The Role of Molecular Imaging as a Marker of Remyelination and Repair in Multiple Sclerosis

Ido Ben-Shalom, Arnon Karni, Hadar Kolb

Research output: Contribution to journalReview articlepeer-review

Abstract

The appearance of new disease-modifying therapies in multiple sclerosis (MS) has revolutionized our ability to fight inflammatory relapses and has immensely improved patients' quality of life. Although remarkable, this achievement has not carried over into reducing long-term disability. In MS, clinical disability progression can continue relentlessly irrespective of acute inflammation. This "silent" disease progression is the main contributor to long-term clinical disability in MS and results from chronic inflammation, neurodegeneration, and repair failure. Investigating silent disease progression and its underlying mechanisms is a challenge. Standard MRI excels in depicting acute inflammation but lacks the pathophysiological lens required for a more targeted exploration of molecular-based processes. Novel modalities that utilize nuclear magnetic resonance's ability to display in vivo information on imaging look to bridge this gap. Displaying the CNS through a molecular prism is becoming an undeniable reality. This review will focus on "molecular imaging biomarkers" of disease progression, modalities that can harmoniously depict anatomy and pathophysiology, making them attractive candidates to become the first valid biomarkers of neuroprotection and remyelination.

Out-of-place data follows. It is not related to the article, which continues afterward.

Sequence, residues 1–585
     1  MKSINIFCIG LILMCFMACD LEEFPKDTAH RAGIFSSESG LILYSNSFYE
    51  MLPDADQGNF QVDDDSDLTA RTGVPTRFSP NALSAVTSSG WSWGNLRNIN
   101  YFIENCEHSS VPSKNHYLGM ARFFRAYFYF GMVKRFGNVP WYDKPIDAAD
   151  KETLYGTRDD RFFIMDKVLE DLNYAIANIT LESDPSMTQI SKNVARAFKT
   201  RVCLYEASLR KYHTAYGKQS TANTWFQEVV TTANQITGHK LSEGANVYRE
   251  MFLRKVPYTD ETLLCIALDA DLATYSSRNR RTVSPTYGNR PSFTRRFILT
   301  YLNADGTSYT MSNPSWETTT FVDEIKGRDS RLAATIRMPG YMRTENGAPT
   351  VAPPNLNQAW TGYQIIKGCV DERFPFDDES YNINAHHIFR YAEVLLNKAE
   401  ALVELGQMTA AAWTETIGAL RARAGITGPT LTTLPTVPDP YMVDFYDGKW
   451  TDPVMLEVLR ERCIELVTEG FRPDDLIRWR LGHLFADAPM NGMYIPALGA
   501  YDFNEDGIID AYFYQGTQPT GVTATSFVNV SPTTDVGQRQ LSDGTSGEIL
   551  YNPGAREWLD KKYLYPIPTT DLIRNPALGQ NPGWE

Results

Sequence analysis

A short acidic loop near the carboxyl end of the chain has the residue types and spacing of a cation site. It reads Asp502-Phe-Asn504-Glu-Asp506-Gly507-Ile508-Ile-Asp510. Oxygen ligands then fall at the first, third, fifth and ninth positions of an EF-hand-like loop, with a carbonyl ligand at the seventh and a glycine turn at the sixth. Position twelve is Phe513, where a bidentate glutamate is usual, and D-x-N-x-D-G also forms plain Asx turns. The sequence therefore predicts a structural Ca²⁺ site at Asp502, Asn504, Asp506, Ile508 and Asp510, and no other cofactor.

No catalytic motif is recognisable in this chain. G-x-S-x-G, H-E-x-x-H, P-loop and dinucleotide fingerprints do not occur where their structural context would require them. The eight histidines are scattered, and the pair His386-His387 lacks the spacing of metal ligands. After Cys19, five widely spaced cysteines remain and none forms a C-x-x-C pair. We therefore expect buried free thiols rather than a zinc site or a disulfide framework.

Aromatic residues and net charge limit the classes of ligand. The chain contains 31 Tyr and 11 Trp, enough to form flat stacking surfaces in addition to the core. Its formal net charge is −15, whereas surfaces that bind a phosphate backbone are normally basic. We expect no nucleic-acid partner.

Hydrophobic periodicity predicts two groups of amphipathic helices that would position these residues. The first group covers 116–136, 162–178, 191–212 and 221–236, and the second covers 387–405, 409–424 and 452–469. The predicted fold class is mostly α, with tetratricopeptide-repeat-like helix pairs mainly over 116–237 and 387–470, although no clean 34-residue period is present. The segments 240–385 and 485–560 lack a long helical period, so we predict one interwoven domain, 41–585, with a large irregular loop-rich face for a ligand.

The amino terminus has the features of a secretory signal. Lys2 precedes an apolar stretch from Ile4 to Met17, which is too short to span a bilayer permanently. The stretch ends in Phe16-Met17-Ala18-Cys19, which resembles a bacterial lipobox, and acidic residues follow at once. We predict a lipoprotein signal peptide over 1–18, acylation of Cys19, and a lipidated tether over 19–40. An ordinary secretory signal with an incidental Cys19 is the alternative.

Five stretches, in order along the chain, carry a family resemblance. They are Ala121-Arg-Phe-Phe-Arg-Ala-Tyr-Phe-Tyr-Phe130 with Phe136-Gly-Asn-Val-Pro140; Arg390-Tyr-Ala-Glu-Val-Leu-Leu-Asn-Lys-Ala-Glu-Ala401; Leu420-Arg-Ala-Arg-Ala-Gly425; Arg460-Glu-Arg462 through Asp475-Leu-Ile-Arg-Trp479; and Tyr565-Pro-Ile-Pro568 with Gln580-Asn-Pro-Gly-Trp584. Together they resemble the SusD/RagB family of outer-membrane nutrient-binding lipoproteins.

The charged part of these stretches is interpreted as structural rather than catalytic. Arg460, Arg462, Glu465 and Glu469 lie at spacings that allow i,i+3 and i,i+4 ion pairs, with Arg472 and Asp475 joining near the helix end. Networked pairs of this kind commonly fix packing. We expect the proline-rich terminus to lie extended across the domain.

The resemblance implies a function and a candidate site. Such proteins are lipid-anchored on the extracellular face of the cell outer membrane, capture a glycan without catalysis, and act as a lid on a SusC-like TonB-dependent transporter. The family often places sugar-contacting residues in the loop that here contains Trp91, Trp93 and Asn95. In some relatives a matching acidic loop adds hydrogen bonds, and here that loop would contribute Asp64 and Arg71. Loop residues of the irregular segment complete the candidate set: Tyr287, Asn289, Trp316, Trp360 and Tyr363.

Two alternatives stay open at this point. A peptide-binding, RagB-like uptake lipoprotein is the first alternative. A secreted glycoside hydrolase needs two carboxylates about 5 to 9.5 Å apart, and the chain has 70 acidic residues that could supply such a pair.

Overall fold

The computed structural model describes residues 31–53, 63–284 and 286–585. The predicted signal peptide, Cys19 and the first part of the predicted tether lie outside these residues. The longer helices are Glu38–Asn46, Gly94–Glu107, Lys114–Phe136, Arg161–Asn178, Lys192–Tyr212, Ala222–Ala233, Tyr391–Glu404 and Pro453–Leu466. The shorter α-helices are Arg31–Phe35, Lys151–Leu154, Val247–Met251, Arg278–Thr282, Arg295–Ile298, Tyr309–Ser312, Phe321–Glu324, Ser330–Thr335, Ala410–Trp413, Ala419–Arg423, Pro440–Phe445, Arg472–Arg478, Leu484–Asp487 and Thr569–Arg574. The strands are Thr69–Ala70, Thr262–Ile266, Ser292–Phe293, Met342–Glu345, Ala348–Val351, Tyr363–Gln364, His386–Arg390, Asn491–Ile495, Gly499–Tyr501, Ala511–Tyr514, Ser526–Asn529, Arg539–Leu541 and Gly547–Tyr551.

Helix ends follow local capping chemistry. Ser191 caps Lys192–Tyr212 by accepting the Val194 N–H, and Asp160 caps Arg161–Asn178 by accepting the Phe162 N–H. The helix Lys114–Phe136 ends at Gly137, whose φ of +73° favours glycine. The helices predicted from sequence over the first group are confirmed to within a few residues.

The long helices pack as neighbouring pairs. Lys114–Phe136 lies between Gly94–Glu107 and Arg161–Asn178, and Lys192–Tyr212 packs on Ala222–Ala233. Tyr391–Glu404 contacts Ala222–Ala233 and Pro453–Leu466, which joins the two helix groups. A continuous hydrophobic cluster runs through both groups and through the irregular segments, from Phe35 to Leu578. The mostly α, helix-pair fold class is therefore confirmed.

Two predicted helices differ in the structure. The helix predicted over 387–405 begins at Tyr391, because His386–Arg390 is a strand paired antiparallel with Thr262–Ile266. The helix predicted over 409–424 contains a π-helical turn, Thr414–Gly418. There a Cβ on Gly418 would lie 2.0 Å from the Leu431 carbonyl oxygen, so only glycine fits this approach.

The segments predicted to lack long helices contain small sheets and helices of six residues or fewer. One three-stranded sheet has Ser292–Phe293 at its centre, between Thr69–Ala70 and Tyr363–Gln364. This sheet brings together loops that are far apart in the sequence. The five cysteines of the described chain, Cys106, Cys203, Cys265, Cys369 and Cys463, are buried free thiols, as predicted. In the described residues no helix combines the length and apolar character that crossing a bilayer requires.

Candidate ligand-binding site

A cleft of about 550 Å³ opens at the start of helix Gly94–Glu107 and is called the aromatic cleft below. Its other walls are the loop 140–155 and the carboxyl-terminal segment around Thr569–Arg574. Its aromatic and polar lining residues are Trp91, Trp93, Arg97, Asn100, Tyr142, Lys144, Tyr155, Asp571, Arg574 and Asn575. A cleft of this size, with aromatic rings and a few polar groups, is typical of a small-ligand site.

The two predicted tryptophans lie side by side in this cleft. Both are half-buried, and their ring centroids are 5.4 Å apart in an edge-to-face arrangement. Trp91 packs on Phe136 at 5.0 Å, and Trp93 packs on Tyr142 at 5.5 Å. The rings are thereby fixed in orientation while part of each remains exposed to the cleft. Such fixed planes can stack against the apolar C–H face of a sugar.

Original languageEnglish
JournalInternational Journal of Molecular Sciences
Volume23
Issue number1
DOIs
StatePublished - 31 Dec 2021

Keywords

  • disease progression
  • magnetic resonance spectroscopy (MRS)
  • molecular biomarkers
  • multiple sclerosis
  • neurodegeneration
  • neuroprotection
  • positron emission tomography (PET)
  • remyelination
  • sodium imaging

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